The capital status of Japanese banks in terms of the so-called Tier I core capital (common shares and internal reserves are among basic items of capital deemed to be the Tier 1 core capital) probably varies significantly from bank to bank.


In relation to the announcement by Daisan Bank, a regional bank, that it will consider applying for public funds, could you tell us about the outlook on regional banks’ deliberations on this matter and about your view on a comment by the chairman of the Japanese Bankers Association that for the moment, megabanks are not in a situation requiring application for public funds?


I understand that Daisan Bank announced on April 22 that it will consider applying for public funds based on the Act on Special Measures for Strengthening Financial Functions. According to the bank’s announcement, the bank “judged, based on the concept of forward-looking management, that it is necessary to strengthen the capital base in order to deal with the prolonged financial and economic slump and the deterioration of the real economy and make genuine contributions to regional invigoration.” I welcome this kind of thinking and approach.

We will continue to promote the use of the Act on Special Measures for Strengthening Financial Functions, as we have been doing. While Japan’s financial sector is relatively sound, compared with the financial sectors of the United States and Europe, its real economy is deteriorating rapidly. Therefore, the role to be played by the financial sector in supporting the real economy is becoming more and more important. In this context, I hope that individual financial institutions will properly exercise their financial intermediary function.

We hope that banks will positively consider using this act if a capital increase comes up as an option based on a forward-looking management approach. We will explain the capital injection scheme and encourage and request financial institutions to take such measures as revising their articles of incorporation so as to facilitate quick decision-making at general shareholders’ meetings, for example, as the season of general shareholders’ meetings is now approaching.

As for your question concerning megabanks, whether or not a bank applies for public funds based on the Act on Special Measures for Strengthening Financial Functions is a business judgment that should be made by financial institutions, as I have been saying. Our policy goal is not to inject capital based on this act. The most important policy goal is to ensure that individual financial institutions properly exercise their financial intermediary function. So long as banks are managed in ways that are in line with this most important policy goal, the authorities should not intervene in relation to the use of the Act on Special Measures for Strengthening Financial Function.


The results of the examination of the state of U.S. banks are expected to be announced on May 4. Could you tell us about your view on the state of the U.S. financial sector and the examination being conducted by the U.S. authorities?


As I have been saying, the most important thing to do first in a financial crisis like this is to accurately grasp the actual state of nonperforming loans held by individual financial institutions. It is also important to estimate as accurately as possible how much loss will arise from nonperforming loans. This estimate will constitute the basis for deciding measures such as increasing capital. Therefore, stress tests being conducted in the United States, which involve recognizing losses and closely examining the condition of the assets, represent a significant step.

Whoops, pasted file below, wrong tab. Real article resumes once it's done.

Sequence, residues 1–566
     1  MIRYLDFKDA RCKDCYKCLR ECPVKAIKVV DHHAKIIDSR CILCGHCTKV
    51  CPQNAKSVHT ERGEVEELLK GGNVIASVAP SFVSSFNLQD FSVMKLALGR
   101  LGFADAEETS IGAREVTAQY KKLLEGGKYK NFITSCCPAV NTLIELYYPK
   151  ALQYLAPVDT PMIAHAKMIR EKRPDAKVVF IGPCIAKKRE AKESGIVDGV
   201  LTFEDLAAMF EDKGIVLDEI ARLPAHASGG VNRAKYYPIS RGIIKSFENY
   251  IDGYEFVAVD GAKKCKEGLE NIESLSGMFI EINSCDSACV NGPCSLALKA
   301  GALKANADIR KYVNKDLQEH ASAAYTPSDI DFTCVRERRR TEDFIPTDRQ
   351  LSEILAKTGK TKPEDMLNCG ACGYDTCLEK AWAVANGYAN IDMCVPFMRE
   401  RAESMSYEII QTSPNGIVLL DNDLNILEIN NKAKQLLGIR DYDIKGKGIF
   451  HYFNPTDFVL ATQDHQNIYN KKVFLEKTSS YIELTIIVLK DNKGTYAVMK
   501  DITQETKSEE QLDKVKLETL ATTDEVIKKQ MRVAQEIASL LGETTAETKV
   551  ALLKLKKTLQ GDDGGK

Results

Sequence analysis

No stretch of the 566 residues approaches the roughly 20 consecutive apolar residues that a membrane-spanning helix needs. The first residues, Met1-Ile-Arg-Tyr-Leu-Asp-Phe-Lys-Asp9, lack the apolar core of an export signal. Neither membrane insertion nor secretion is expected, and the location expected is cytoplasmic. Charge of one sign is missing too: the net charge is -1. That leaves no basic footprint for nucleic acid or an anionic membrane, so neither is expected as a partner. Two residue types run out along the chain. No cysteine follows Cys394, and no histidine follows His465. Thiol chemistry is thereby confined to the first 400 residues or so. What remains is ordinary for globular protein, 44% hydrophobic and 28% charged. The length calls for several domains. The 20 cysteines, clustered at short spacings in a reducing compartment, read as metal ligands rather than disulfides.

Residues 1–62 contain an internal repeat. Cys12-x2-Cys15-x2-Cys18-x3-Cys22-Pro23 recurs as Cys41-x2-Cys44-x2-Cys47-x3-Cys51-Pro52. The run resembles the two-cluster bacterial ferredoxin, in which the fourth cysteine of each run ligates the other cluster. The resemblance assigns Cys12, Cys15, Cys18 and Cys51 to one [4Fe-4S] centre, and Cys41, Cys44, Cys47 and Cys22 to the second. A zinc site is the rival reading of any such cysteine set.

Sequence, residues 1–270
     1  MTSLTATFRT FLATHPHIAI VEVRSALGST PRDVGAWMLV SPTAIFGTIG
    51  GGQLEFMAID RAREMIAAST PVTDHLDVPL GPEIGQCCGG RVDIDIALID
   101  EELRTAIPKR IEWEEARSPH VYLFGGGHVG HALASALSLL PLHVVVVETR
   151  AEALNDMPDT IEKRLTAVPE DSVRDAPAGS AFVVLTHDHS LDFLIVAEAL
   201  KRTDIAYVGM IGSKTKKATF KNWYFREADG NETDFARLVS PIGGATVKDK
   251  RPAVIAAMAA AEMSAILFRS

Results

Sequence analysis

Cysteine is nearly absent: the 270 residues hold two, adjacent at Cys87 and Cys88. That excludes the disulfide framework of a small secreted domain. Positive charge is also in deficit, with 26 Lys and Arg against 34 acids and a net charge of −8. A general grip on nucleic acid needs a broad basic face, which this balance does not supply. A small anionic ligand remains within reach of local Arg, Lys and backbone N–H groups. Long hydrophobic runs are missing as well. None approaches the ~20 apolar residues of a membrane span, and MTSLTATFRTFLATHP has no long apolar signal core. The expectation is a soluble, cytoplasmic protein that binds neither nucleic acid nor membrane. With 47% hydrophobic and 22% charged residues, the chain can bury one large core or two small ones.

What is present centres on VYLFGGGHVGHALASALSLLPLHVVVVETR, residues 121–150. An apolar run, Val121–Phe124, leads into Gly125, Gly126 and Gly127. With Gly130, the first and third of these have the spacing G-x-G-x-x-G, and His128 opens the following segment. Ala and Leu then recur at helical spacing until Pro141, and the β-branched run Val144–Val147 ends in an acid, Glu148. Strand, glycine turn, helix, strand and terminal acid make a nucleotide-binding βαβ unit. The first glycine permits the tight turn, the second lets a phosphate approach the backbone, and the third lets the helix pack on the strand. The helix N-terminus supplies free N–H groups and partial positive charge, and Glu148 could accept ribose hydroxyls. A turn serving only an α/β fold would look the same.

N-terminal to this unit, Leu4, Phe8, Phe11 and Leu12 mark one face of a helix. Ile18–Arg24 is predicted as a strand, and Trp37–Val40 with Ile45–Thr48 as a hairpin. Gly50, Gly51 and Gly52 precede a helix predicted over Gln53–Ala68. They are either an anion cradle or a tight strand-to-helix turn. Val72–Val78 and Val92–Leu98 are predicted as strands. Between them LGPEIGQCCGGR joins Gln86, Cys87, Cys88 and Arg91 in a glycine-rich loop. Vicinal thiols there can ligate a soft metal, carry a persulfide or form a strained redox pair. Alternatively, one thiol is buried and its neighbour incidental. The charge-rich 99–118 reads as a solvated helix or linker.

I would like to refrain from making any further direct comments, such as how I assess efforts being made by foreign authorities.


Sumitomo Mitsui Financial Group has already entered negotiations about the acquisition of Nikko Cordial Securities and Nikko Citigroup based on its preferential negotiating right. This would be the first time for a megabank and a major securities company to be integrated with each other so tightly. What is your view on the integration of a bank and a securities company?


A bank and a securities company were allowed to operate in the same financial group under a holding-company structure starting at a relatively point in the Heisei Era; before then, mutual entry by different types of financial institutions into each other’s business sectors was allowed through subsidiaries. By now, it has apparently become very common that a bank and a securities company operate in the same financial group.

It may be possible to regard this deal as a new movement in that it will put a major bank and a major securities company in the same group. However, from our standpoint as a financial supervisor and regulator, the important thing is that risk management is conducted properly and the legal compliance functions properly after the bank and the securities company start operating in the same group so that governance is exercised in their management and high-quality services are provided to customers. We will check the state of their management from this viewpoint.

Of course, one merit of a major bank and a major securities company, or any bank and any securities company for that matter, operating in the same group would be that comprehensive financial services extending across the banking and securities industries can be provided. Customers would also enjoy benefits if high-quality services are provided. On the other hand, conflicts of interests could arise, so it is important to properly manage conflicts of interests. On June 1, the firewall regulation will be relaxed. Under our approach of principles-based regulation, we have developed a framework that requires individual financial institutions to manage conflicts of interests in ways that are most suited to their own circumstances. So, the management of conflicts of interests is also likely to become one of the critical themes. This is an example of supervisory viewpoints.